A troll/horse hybrid that poops cupcakes. A creepy cloud with limbs. A troll that likes scrapbooking. A peppy soundtrack full of classic pop covers. Lots of glitter and neon. If you’re not sold on these features then ‘Trolls’ isn’t really for you. But if your interest is still withheld then continue reading as there is far more depth to ‘Troll’s than first meets the eye. Whilst sickly sweet it also has a lot of heart and some important messages. Think ‘Inside Out’ on LSD…
20 years ago King Peppy (Tambor) saved his people from the Bergens – desperately sad creatures who eat the incandescently happy Trolls so they can feel just a small glimpse of joy. To celebrate the important anniversary Princess Poppy (Kendrick) organises the biggest, loudest, craziest party ever – ignoring grumpy Troll survivalist Branch’s (Timberlake) claims that it’s a really bad idea. He’s proven right as Troll Town is then discovered by bergen Chef (Baranski) who takes a handful of Trolls back with her to feed her next king (Mintz-Plasse). Poppy goes on a quest to save her friends and forces Branch to go along for the ride.
Okay, so this isn’t quite the level of ‘Inside Out’. A) Few things are and B) this is far more ‘kid-friendly’ and yet ‘Trolls’ ends up being a rather winning watch. It’s gloriously colourful, simultaneously silly yet often deceptively clever and actually rather enchanting. It shares the same theme, exploring the issues of happiness & sadness, yet is coated in far more sugar than last year’s modern classic. From the opening storybook (scrapbook) prologue opener it is clear what kind of world we will be immersed in for the next 90 minutes. There’s slapstick for the kids and some excellent gags for the parents. The brief Kubrick reference (a Bergen toddler on a tricycle shot in the style of ‘The Shining’) and a cover of Simon & Garfunkel’s ‘The Sound of Silence’ are just two examples of the well-executed ‘adult’ content. It’s tongue-in-cheek, self-referral and self-knowing enough not to be full of itself.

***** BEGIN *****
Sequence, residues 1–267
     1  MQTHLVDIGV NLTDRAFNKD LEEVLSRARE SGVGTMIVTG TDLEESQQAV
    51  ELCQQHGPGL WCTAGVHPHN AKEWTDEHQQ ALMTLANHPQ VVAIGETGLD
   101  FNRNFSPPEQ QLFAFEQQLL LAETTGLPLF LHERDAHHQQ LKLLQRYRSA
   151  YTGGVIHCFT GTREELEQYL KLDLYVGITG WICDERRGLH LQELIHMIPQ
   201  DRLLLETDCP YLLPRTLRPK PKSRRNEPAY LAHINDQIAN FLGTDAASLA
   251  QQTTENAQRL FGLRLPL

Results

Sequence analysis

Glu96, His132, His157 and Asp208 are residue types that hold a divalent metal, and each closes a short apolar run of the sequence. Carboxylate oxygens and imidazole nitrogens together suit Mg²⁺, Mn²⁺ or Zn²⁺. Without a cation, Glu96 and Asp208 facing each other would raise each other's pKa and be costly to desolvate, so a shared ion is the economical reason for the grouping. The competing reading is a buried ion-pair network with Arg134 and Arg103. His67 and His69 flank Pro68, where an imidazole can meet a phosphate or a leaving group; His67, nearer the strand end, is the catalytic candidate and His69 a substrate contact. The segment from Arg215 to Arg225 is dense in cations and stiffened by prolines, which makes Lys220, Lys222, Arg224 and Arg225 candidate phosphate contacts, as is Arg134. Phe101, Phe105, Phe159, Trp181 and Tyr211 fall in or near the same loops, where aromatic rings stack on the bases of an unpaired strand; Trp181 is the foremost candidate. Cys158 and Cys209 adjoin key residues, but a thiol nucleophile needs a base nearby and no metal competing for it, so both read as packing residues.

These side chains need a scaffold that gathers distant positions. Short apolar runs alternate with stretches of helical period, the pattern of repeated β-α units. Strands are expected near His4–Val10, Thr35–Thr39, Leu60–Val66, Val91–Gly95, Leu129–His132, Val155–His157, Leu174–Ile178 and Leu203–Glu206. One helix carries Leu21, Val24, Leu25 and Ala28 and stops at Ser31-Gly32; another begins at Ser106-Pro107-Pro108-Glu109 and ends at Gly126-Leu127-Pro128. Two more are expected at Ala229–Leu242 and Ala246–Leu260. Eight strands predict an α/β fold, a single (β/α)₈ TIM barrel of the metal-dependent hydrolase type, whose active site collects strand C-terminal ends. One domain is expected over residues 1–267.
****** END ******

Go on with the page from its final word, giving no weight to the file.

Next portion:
The animation is of an excellent quality with a superb amount of depth and detail. The voice cast is rather incredible and provide some genuinely memorable performances. Casting Kendrick and Timberlake as leads was a sure-fire choice for success with both providing likeable characters that are also very different. Whilst not exactly original in some ways – having an introverted male and hyperactive female is far too obvious – both do well in the roles and do end up having some unexpected moments.
The soundtrack is alarmingly good and nowhere near as annoying as it threatened to be. Its tracks are well chosen and very well performed – although admittedly rather unsurprising considering the quality of its performers. The story does hit a lull mid-way through as it shifts from quest narrative to Cinderella story which leads to a bit of meandering. Aside from this the rest of the story is an absolute rave – full of bright colours, laughs and a whole lot of sparkle. Kids will love its vibrancy and most adults will be won over by its sheer audacity and knowingness. This film has its (neon-coloured with disco-light candles) cake and eats it too.
Dir: Mike Mitchell & Walt Dohrn
Scr: Jonathan Aibel & Glenn Berger
Cast: Anna Kendrick, Zooey Deschanel, Justin Timberlake, Jeffrey Tambor, Christopher Mintz-Plasse, Christine Baranski, James Cordon, Russell Brand, Gwen Stefani.
Prd: Gina Shay
DOP: Yong Duk Jhun
Music: Christophe Beck
Country: United States
Run time: 92 minutes
Trolls is in UK cinemas October 21st